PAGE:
The Knights of the Crystal Blade is not a group many people have heard of. Like many doomsday-type groups that are scattered throughout Utah, they like to keep hidden from mainstream society. Instead, these groups focus their time on studying biblical prophecy, stockpiling food and supplies, and generally preparing for the end times. To most people, these groups are no real threat. Sure, their beliefs may seem a little odd to outsiders, but for the most part, they just want to be left alone. However, in spite of their general disconnection from mainstream society, occasionally we hear news of these groups on account of their trouble with law enforcement. In the case of the Knights of the Crystal Blade, the group began receiving mainstream attention when their alleged leader was accused of kidnapping four children.
On December 4, 2017, Fox 13 reported that an Amber Alert had been issued for two young girls, ages 4 and 8, when their mother reported to police that the girls’ father, John Alvin Coltharp, may have taken them to a religious compound he was associated with.
“They are with a man that calls himself Samuel ‘The Seer,’” the children’s mother told Fox 13. “His name is Samuel Warren Shaffer and he believes he holds the keys of this dispensation and he has been many people throughout the history of time and that he has been reincarnated. They are following his prophecies and I believe he is with them and helping hide the children.”
Coltharp, who did not have custody of the children, had refused to release the children or disclose their whereabouts after a judge granted their mother full custody. Reports indicate that the children had been with Coltharp since sometime in September. A judge had Coltharp placed in jail, but he refused to tell investigators where the children were. Instead, he left them in the care of Shaffer who, in turn, took the children to the religious compound both men had been associated with.
This alert would be called off within hours of it being issued after authorities raided the group’s compound and found the two girls hiding in 50-gallon plastic barrels. According to police, the girls were left in the barrels in subzero temperatures overnight and had not been dressed for cold weather.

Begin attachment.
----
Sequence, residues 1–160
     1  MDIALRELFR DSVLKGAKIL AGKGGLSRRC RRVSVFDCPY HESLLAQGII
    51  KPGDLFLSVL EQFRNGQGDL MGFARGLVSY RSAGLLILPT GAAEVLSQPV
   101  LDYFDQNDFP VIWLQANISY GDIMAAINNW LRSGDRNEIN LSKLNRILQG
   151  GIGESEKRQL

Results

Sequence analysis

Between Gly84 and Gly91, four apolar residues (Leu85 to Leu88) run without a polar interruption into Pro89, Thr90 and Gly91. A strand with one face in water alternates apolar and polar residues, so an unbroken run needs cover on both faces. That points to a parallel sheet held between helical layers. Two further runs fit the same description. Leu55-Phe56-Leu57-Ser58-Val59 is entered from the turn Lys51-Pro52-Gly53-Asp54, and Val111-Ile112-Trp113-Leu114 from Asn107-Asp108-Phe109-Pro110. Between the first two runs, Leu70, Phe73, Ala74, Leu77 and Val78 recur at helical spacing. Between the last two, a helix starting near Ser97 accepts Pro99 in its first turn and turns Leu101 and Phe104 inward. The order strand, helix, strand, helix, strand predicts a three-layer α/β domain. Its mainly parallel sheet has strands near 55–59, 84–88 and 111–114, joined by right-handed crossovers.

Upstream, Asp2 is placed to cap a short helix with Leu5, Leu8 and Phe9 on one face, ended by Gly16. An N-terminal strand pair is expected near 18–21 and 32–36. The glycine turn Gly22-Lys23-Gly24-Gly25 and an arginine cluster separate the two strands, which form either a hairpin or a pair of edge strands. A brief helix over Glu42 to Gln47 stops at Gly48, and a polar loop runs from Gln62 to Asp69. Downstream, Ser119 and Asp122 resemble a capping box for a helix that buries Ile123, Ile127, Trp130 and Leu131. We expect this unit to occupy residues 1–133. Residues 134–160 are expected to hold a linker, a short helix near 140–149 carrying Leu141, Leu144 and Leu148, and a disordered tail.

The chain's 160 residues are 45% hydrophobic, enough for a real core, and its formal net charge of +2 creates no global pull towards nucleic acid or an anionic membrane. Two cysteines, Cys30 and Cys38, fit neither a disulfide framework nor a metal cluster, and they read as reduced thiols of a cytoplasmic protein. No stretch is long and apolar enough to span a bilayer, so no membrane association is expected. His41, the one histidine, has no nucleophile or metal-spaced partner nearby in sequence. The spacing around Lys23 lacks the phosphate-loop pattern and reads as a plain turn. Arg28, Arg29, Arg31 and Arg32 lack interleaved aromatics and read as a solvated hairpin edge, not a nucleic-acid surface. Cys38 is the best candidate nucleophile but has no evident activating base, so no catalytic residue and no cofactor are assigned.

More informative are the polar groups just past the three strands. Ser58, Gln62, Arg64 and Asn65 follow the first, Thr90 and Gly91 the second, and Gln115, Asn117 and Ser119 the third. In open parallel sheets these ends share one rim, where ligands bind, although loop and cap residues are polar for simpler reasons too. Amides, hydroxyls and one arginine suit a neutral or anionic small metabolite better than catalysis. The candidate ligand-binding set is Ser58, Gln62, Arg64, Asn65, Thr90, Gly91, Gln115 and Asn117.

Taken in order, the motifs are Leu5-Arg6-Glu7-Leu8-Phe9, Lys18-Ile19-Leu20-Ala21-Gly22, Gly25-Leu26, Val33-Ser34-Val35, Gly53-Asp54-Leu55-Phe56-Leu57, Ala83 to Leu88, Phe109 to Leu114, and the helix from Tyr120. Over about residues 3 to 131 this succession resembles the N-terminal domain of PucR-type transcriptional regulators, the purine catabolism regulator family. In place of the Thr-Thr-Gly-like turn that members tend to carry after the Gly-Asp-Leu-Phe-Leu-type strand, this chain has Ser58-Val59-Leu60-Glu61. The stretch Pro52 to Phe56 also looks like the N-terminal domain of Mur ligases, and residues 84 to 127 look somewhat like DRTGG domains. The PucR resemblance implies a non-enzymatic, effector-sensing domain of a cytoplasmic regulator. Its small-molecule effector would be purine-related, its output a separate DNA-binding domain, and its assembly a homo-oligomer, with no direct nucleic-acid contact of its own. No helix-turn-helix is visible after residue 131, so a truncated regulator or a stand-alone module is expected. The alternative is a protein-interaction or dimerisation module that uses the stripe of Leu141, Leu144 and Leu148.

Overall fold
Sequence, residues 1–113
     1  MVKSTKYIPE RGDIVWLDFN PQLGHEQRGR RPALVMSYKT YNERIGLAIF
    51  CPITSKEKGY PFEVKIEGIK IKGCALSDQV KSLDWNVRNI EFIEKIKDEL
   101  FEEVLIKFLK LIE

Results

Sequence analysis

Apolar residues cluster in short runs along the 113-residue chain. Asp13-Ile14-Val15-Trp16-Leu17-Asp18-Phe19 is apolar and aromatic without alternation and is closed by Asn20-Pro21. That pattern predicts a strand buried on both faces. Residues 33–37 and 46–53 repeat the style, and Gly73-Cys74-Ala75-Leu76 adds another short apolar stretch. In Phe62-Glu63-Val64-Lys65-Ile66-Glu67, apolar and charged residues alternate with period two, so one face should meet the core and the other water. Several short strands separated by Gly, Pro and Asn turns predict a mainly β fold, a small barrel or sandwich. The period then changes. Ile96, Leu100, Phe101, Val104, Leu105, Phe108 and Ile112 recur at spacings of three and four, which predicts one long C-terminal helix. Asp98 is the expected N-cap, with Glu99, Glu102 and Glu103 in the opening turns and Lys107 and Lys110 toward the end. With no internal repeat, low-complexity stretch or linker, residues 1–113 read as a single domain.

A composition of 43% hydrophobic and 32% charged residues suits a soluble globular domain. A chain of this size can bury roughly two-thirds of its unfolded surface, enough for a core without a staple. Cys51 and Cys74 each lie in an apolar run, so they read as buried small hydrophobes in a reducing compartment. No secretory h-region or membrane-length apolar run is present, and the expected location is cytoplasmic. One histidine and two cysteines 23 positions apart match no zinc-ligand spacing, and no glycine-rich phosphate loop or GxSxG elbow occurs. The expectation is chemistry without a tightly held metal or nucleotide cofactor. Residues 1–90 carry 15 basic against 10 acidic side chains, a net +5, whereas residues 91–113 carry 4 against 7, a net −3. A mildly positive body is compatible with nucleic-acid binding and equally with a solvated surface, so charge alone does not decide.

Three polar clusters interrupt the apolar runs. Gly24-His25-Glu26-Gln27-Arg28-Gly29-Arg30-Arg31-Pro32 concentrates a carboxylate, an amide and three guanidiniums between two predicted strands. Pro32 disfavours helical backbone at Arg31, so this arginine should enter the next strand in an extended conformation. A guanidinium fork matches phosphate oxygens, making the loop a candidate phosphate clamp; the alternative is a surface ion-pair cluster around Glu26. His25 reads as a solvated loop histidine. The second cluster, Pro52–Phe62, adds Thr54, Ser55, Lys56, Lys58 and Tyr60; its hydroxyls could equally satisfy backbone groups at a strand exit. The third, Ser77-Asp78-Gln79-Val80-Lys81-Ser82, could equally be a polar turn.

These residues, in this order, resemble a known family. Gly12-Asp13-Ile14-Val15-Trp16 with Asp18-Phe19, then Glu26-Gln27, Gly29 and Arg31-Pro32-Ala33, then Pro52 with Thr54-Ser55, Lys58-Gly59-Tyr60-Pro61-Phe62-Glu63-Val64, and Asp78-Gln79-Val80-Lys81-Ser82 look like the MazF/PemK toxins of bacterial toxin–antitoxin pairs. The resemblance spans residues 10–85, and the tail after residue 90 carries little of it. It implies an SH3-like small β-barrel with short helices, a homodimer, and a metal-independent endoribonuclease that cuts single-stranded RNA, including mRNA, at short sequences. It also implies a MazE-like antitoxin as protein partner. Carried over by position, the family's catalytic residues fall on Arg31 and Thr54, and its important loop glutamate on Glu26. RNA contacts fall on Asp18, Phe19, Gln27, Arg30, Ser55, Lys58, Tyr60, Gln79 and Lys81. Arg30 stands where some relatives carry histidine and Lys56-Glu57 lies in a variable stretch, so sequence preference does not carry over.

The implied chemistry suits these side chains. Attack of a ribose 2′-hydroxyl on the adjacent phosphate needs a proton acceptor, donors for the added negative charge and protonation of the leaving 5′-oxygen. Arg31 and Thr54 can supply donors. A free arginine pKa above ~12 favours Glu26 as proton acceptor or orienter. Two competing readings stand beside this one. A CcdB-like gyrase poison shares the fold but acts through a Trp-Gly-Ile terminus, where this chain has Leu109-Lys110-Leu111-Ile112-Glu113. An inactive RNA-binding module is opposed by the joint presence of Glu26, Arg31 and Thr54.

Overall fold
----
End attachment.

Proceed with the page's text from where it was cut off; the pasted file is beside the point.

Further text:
In addition to the two girls, two other children, ages 5 and 7, were found hiding in an old camper trailer. These kids were identified as Shaffer’s own children. All four of the children were reported to be cold and hungry at the time of their discovery, but in otherwise “good condition.”
While many media reports have indicated that Shaffer played a vital role within the group and was considered to be a leader of the organization, Mark Tyson Trent Lichtenwalter, who claims he is the leader of the group and maintains the group’s online presence, refutes these claims.
Other accusations included kidnapping the children for the purpose of forcing them to become child brides – as some fringe Mormon groups like members of the FLDS and their leader Warren Jeffs have been charged with – as well as accusations of polygamy.
Lichtenwalter claims that while they believe in polygamy, it is not a required practice of the group and in no way do they condone taking on child brides. He also says that the two men who have been arrested, Shaffer and Coltharp, had been ex-communicated from the group until Shaffer reached out and asked to speak with him the day before the police raided the group’s compound.
While we don’t currently know enough about the group to substantiate some of the claims that have been made against them, what we do know is that Shaffer and Coltharp are currently sitting behind bars.
The Salt Lake Tribune reports that Shaffer has been charged with two counts of kidnapping and four counts of reckless child abuse. Coltharp has also been booked on charges including suspicion of kidnapping and obstructing justice after he refused to tell a judge where his daughters were prior to the raid.
After their rescue, the children were taken to a local hospital for treatment. A 5-year-old was taken to a primary care hospital for further evaluation. No word on any of the children’s conditions at this time.